After an accident in Arizona left one person dead on Sunday, self-driving cars may have taken a hit in the public consciousness. Like early reports of electric vehicle crashes, one becomes emblematic of the whole: to what degree do people trust high-speed heavy machinery operating on its own in public? Uber pulled its test driving fleet from the Phoenix area in response pending investigation of the incident, but they aren’t the only company that sees self-driving cars as the next step in ride-sharing, public transportation, or personal travel.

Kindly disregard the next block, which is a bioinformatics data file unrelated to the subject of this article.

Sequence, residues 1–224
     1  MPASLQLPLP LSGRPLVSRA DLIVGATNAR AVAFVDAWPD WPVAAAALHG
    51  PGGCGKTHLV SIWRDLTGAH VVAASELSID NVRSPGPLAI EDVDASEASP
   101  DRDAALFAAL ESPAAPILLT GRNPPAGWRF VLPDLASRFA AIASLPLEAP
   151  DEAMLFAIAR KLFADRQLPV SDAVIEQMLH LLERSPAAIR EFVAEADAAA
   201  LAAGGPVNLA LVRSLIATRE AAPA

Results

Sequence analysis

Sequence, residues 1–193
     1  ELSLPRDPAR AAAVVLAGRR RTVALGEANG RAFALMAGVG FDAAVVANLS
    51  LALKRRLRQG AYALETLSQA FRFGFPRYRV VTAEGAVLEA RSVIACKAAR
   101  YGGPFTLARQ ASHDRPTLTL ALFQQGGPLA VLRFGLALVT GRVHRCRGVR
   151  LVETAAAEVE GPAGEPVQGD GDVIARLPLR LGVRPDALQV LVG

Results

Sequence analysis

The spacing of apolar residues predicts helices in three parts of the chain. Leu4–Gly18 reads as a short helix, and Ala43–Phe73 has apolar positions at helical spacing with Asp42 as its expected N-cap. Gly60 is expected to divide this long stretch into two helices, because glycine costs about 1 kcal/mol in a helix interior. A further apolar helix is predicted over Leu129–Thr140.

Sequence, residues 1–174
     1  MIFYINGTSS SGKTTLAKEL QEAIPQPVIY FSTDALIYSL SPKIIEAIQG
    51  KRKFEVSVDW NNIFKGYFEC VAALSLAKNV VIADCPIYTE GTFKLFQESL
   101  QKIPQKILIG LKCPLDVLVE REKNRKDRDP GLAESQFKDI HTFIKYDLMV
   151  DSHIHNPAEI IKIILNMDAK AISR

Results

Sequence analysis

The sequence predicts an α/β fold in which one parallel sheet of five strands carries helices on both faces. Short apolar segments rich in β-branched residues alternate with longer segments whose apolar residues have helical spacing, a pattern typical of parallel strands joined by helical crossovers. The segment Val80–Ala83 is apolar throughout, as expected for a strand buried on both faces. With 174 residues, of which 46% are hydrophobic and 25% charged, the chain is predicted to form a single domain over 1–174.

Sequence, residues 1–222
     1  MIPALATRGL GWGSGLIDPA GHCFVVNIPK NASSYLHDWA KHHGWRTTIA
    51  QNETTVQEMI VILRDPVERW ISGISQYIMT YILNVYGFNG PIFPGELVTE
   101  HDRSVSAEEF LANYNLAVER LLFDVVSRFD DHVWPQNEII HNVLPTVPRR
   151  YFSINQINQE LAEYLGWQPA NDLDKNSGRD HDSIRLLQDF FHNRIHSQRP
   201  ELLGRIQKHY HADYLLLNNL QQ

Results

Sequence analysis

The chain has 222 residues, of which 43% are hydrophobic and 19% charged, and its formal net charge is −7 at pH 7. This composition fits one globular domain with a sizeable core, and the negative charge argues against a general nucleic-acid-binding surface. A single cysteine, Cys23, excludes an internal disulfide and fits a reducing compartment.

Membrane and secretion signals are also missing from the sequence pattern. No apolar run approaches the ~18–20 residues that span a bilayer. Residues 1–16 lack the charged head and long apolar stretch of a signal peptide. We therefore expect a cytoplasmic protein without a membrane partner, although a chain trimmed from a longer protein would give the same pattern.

More than 37,000 people died in the United States in traffic-related accidents in 2017, so some argue that self-driving vehicles will be an improvement on current road safety. Adoption still depends on customers using the service, though. According to a January 2018 poll of 1,004 people from AAA, 63 percent of people would ride in a fully autonomous car.
Statista compiled a chart from data from Boston Consulting Group about why consumers would be worried to take a ride.You will find more infographics at Statista